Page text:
fMRI

Functional magnetic resonance imaging (fMRI) is one of the most popular methods in the study of the human brain. It is a technique that uses magnetic resonance imaging (MRI) to access brain activity by detecting local changes in blood oxygen levels.

 

FMRI is used both for brain function research and as a diagnostic tool. Through fMRI, it is possible to study the neural networks formed in the human brain in order to perform brain functions at the level of topology and structure. Conclusions on brain function, such as the structure and morphology of neural networks, are achieved by examining multiple healthy subjects that perform common activities. The use of fMRI as a diagnostic tool has been suggested for many diseases through a large number of tasks. Any deviations and alterations in the characteristics of neural networks can be detected in a timely manner, even at a pre-symptomatic stage, resulting in early detection of neurodegenerative diseases (Alzeimer's disease, Parkinson's disease, etc.) or mental disorders (schizophrenia, bipolar disorder, etc.).

 

Analysis of fMRI data is particularly complex, mainly due to two factors. The first factor is associated with the need for high spatial and temporal clarity, which leads to the creation of large volume data. The second factor concerns the nature of the data. The fMRI signal is not directly related to neuronal activity but to the changes in oxygen levels observed locally and associated with the metabolic requirements of neurons (associated and unrelated to a particular brain function). In addition, the fMRI signal is weak and overlaps by many noise sources associated with the signal acquisition process. Therefore, the processing of fMRI is composed by the removal of the noise (pre-processing), as well as the components unrelated to the intended brain function, as well as the extraction of information about the neural function.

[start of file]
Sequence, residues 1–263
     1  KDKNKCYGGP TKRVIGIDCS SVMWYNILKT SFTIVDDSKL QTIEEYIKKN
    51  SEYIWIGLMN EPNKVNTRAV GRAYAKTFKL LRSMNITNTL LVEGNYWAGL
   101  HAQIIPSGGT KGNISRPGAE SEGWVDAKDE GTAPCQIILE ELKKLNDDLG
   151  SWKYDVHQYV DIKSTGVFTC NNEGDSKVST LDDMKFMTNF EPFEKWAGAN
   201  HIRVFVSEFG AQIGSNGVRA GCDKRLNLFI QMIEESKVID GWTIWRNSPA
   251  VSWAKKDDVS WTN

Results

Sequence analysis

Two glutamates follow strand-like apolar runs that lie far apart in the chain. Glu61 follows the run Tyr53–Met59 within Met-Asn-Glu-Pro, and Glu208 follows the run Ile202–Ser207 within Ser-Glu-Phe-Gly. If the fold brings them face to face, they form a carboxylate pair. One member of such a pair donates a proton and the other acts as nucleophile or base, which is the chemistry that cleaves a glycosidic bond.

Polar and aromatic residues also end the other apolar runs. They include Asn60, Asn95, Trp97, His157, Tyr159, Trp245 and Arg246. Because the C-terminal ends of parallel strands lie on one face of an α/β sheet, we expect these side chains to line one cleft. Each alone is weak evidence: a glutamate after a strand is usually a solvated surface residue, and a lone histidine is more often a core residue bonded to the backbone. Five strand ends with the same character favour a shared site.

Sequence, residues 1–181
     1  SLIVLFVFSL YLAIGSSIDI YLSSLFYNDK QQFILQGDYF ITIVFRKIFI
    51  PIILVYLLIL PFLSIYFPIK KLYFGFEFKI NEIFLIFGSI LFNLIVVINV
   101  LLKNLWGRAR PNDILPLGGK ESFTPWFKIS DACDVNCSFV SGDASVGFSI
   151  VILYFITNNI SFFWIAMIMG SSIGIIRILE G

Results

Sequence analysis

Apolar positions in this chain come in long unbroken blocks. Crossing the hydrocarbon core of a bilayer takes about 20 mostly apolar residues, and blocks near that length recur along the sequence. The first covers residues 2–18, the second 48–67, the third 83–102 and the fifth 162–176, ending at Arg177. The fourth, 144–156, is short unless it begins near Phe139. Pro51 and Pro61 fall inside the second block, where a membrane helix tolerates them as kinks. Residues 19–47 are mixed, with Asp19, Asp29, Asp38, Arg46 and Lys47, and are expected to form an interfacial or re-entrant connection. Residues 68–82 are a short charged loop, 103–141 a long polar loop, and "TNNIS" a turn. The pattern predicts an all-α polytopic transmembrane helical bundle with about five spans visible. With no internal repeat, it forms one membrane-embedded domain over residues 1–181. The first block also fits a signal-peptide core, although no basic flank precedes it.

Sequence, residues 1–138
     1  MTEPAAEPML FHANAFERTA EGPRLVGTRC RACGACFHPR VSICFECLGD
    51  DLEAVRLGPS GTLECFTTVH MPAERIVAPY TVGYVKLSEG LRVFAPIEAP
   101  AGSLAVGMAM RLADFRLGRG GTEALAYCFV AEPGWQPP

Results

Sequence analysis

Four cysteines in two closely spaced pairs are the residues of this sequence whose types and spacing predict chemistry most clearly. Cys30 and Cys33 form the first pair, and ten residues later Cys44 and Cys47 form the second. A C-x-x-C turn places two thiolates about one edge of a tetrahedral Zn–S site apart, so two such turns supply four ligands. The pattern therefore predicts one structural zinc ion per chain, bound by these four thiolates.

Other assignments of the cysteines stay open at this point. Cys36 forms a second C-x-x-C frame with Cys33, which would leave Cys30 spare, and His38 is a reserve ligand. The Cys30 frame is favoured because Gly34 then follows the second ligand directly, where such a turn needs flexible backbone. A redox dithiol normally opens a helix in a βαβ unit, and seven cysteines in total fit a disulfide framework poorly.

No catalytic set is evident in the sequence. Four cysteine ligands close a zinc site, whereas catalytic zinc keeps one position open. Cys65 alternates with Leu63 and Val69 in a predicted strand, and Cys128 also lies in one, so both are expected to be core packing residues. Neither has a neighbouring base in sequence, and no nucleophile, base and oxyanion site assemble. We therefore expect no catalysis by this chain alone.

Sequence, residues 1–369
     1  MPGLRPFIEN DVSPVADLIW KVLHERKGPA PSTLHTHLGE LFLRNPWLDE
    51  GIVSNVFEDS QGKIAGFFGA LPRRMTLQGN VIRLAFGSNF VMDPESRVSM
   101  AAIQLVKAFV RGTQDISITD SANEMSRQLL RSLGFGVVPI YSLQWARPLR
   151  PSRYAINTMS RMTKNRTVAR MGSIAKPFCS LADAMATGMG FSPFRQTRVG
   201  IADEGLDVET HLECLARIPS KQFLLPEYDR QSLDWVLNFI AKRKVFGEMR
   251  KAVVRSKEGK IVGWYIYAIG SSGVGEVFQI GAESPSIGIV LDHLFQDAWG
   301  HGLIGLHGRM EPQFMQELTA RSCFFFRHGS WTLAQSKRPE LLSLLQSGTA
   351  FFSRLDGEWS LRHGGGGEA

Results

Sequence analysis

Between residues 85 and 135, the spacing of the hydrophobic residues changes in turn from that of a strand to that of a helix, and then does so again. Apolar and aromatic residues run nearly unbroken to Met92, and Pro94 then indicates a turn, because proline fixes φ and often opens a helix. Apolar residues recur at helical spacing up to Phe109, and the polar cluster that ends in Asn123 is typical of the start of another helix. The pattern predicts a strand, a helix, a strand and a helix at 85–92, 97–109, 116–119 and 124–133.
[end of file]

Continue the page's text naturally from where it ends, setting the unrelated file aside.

The fMRI signal processing methods, after the pre-processing step, fall into two categories. Univariate analysis methods, based on the analysis of the signal generated by each brain area separately (voxel-wise signal analysis), appear in the first category. In the second category, there are multivariate analysis methods that analyze the signals that arise from each area of the brain and aim to draw conclusions on how a brain function is performed in a human brain (finding neural networks associated with a brain function and temporal behavior of these).

 

A new trend in the multivariate analysis methods is the use of tensor models (PARAFAC and TUCKER). In contrast to the most popular methods for analyzing multiple variables (PCA, ICA, etc.), the use of tensor models allows data analysis to maintain its multidimensional structure and offers unique data decompositions (PARAFAC model) to components, each expressed by a set of one-dimensional signatures, making it easier to interpret the results. When the data are not characterized by the PARAFAC model's linear structure, degeneration phenomena occur during the decomposition process, resulting in the extraction of components that are highly concordant and are useless to interpret information.

 

The fMRI data do not follow the multilinear structure of the PARAFAC model, as the signals corresponding to adjacent regions exhibit delayed correlation phenomena due to the hemodynamic phenomena that develop in the interior of the brain. In order to enable the processing of fMRI data, variants of the PARAFAC model have been proposed in the literature, where delays between signals originating from adjacent regions of the brain have been predicted. In particular, models have been porposed that incorporate the unique delays for each voxel per component (Shift Invariant PARAFAC), as well as the existence of a parameterizable array of delays for each voxel per component (Convolutive PARAFAC). However, the decomposition process for both models is particularly time consuming and no parallel disintegration pattern has been proposed, as is a method of estimating the appropriate number of components.